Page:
The bond market is telling us that the current level of rate hikes is sufficient to bring inflation under control over the short to medium term and that cuts to interest rates are to follow to support the economy as it likely slows. The bond market conclusion is that there is faith in the Bank to bring inflation under control. As previously mentioned, an inverted yield curve is often a precursor to a recession, and the current inversion suggests a nasty recession is on the horizon. The equity market, however, is telling us a somewhat different story. Prices remain resilient, and corporate earnings are seemingly holding up for now. Are the two asset classes telling a conflicting story? Perhaps what we should take from the view of the two markets is that a soft landing is expected. 

If the yield curve is correct, it’s only a matter of time until inflation is tamed and the pressure to keep rates high abates, with the possibility of rate cuts, then the curve should steepen back up. However, from a structural standpoint, there are several reasons which themselves would pressure the curve steeper; the fact that they are all leaning in the same direction at the same time is a powerful force indeed. Firstly, the BoE has begun unwinding its enormous balance sheet with QT, which is biased toward longer-dated securities. Secondly, LDI, which has long been the marginal buyer of long-dated gilts, is buying less as schemes have fully moved to a fully funded position. The fiscal arithmetic looks challenging in the UK. The UK expects to issue £1.1 trillion worth of gilts over the course of five years. That’s approximately half of its entire outstanding debt stock in five years. These factors suggest curves should be steeper.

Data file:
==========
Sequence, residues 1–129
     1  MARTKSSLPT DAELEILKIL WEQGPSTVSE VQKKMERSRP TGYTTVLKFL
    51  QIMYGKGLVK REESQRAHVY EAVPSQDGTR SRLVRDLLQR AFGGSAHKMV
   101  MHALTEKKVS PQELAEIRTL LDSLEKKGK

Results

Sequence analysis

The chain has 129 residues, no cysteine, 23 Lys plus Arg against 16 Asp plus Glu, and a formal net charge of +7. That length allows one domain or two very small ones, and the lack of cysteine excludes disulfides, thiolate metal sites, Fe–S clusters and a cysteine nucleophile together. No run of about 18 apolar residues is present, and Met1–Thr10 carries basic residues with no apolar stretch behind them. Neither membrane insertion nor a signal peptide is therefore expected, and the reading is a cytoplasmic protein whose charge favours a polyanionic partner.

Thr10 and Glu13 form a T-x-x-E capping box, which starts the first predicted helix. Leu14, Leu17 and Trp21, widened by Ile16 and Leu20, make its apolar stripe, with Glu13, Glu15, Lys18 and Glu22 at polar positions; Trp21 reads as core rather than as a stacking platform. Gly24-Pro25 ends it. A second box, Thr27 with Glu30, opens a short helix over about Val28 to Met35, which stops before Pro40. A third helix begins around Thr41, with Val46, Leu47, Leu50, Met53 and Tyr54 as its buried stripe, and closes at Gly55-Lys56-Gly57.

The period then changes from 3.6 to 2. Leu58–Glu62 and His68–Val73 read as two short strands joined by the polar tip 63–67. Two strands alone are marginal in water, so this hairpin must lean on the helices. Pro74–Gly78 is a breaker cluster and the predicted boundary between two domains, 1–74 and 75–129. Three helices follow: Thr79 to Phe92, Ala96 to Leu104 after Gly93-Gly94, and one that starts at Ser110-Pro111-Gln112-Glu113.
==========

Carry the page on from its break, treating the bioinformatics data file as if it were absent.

The forward-looking period has been coined the ‘Turbulent Twenties’, essentially the opposite of the Great Moderation. It’s a period that is expected to be significantly more volatile on the back of heightened geopolitical tensions, the reversal of globalisation, higher debt levels which limit fiscal manoeuvring, climate change and the associated costs which come with it. This reversal of the Great Moderation means that term premiums should be added back into the curve, pressuring longer-dated rates from their relative lows. 

In conclusion, curves are too inverted, and the steepening pressure is too great to keep these curves at these levels for too much longer. The risk-reward has to be for steeper curves with bonds ten years and out offering little value relative to shorter-dated bonds. 

The value of investments will fluctuate, which will cause prices to fall as well as rise and you may not get back the original amount you invested. Past performance is not a guide to future performance.

Robert Burrows

Job Title: Fund Manager

Specialist Subjects: Macro Economics, G10 Sovereign Bonds

Likes: Triathlon, Food, Whiskey

Heroes: Gary Larson and politicians with values